The answer may be that almost no scalable startups are actually successful, so people depend on proxies to “grade” themselves.
The best research I’m familiar with looked at 18 million startup companies (including 14 million that have been around for at least six years) and asked the question: how many are successful by Silicon Valley Standards? They defined success as an IPO or acquisition of over $10 Million. Answer: a bit over 5,000, or roughly one in 3,500.
But wait, most new companies are mom and pop stores, the kind of enterprise that never aspires in a Silicon Valley direction. How many of the ones that actually try for that sort of success achieve it?
This is tougher to answer, because you can’t know what’s in an entrepreneur’s mind, and because some companies (e.g. Ben and Jerry’s) that didn’t start out in that direction get there anyway. The authors looked for indicators of companies that were trying to achieve this sort of success, and found 10 that had some correlation - incorporated as a C Corp, founder’s name not in the title, and so on. These things are debatable, but the general conclusion was that about 1.5% of the ones that aspire to Google, Facebook, Microsoft status, actually get any success.
So when you go to an accelerator, or a demo day, or just sit at a Starbucks, and talk to someone about their great disruptive startup, at least 98.5 out of 100 of those people are shortly going to fail.
But meanwhile, they’re living the startup lifestyle._ They’re agilely programming and lean startuping and getting out of the building and so on. How do they do it?
Funding! When a company is a real company, it has a reciprocal relationship with customers. There are people who buy their products to go about their lives, in the same way that they walk through doors to go into buildings. The people in the company spend their days making the products available to these folks, and receive money for it. The reciprocal relationship is self perpetuating, and enables the company to exist. In other words, real companies are part of the economic ecosystem. Startups don’t have real customers. The people they’re pleased to call “customers” have never heard of them and wouldn’t care if they did. Maybe they clicked on something, or expressed excitement over coffee, that’s about it.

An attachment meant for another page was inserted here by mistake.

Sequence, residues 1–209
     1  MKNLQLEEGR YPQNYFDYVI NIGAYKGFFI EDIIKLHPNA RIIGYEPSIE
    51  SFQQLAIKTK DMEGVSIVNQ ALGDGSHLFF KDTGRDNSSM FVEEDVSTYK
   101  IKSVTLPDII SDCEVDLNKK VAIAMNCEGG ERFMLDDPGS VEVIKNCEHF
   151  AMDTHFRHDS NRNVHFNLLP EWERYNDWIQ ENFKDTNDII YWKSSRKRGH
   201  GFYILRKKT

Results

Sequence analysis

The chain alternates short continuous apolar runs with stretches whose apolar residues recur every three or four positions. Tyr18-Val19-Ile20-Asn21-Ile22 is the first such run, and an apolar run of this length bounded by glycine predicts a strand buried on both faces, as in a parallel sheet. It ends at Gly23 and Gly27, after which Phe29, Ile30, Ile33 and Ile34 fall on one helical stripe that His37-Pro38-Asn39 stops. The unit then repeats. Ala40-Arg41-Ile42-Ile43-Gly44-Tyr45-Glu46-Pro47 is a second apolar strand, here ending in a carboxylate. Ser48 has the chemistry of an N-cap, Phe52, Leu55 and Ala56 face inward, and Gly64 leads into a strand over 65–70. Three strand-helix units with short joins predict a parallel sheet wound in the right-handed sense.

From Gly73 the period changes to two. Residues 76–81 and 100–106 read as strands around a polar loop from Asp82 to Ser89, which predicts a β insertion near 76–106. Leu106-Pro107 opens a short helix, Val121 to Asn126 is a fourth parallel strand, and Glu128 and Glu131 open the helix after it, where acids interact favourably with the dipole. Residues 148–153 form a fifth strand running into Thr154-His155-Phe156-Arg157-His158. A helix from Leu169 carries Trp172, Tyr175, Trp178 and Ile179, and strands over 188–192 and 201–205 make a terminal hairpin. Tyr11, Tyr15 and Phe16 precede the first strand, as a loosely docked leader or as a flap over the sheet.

But startups do have their own ecosystem. It includes more than accelerators and incubators. It also includes professional money managers who have been hired for the job of deploying their limited’s capital, and “angel” investors who have extra money and some reason to want to be along on the ride. When startups can’t get access to money from those sources, they at least have their parents, their savings, or their credit cards to fall back on. So money gets injected into the startup ecosystem in the form of investment.
The result is that startups get to dress up and look like companies - with offices and people and laptops and telephones ringing and TechCrunch. They’re actually toy companies, like puppets being manipulated on investor strings. Sometimes it’s easy to suspend disbelief and imagine the puppet is alive. That’s success in the startup world, and that’s where the idea that startup success equals fundraising comes from.
Once in a while these toy startups (maybe about 1.5% of them) evolve like Cabrian fish making there way onto land, and join the real economic ecosystem.
Many of those lucky few then look around and say “Damn, I shouldn’t have sold off all my equity back in toy land.” But that’s the way it goes.